Titans aren't indestructible, though. Their hulking frames make easy targets for dedicated anti-titan weaponry, while canny pilots can effortlessly leap onto the back of hostile mechs to rip off their armour and blast away at their internal components in a ridiculous rodeo attack. Yes, this really is as epic as it sounds. Since Titans will automatically target enemies, canny players will often disembark to use their metal pals as watch dogs or diversions while pushing the objective.
Balance is the key, and this is where Titanfall ultimately triumphs. Every approach, tactic or weapon selection is completely valid, but more impressive still, Respawn have managed to ensure that players of any ability can all compete in a rewarding and enjoyable arena. As opposed to outmoded 'killstreaks,' which tend to just reward the best players in the round, timers and temporary 'burn cards' let everyone play with all the toys and feel like a badass without ever receiving an overwhelming advantage. It's unquestionably, undeniably, brilliantly good fun regardless of where you place in the leaderboard. Even if you lose the round, matches end with the opposing team having to scurry to an extraction dropship under the cosh of a tight time limit, allowing them to regain some self-esteem and feel like absolute heroes, no matter the outcome. Wonderful (at least, if you don't suck at it as badly as I do).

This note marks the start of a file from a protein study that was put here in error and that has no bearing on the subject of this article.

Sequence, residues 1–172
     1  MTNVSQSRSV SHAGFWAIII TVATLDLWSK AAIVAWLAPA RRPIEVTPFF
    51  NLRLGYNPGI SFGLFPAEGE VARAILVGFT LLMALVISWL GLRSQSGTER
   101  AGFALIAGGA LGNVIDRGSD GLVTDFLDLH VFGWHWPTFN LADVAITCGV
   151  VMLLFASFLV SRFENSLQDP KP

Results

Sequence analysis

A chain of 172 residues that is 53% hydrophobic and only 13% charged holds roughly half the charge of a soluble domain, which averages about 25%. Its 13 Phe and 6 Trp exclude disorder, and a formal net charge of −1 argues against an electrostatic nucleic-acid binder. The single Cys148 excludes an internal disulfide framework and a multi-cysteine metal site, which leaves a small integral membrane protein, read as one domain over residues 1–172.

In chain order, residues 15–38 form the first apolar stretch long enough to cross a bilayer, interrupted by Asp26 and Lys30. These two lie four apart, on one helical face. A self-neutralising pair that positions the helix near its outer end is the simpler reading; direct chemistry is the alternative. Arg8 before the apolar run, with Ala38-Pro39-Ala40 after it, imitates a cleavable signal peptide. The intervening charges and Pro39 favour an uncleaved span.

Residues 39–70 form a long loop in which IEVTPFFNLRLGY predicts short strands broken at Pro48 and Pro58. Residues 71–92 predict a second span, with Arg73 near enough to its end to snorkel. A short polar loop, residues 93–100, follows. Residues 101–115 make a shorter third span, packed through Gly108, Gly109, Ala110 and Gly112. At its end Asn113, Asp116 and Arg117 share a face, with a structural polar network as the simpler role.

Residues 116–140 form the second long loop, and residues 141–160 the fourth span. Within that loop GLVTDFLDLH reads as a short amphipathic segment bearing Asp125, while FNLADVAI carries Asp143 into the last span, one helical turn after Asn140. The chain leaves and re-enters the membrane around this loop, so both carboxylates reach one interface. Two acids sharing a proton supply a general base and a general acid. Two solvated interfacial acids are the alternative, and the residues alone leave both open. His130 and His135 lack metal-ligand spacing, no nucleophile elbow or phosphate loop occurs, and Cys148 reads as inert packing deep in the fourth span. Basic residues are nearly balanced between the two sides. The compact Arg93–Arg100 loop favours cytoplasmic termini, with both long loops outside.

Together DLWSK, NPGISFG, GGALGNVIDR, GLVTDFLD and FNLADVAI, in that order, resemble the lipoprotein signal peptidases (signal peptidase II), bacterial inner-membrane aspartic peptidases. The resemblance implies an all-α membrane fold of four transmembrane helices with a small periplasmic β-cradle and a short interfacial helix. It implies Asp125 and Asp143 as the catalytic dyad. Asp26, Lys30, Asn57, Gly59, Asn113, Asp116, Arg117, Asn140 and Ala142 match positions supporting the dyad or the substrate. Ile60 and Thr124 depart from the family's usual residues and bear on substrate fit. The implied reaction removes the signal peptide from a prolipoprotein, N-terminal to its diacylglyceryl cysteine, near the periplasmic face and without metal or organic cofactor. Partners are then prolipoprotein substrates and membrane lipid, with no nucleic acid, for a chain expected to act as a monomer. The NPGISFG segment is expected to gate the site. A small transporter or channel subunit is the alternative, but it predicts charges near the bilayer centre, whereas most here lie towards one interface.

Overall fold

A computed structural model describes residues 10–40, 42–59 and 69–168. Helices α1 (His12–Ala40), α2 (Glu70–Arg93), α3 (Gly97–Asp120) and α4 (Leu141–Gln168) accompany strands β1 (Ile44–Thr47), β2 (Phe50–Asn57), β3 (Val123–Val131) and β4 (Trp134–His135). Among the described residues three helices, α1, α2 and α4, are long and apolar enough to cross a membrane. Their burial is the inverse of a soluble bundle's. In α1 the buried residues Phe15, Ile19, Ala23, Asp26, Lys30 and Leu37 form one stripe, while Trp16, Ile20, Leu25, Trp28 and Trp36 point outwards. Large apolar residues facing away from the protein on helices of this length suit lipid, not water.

I'm also delighted to report that the scoring system and XP encourages team play. Capturing a flag or holding an objective grants massive amounts of bonus experience and guarantees high scoreboard placement, even if it comes at the expense of a lowered kill count.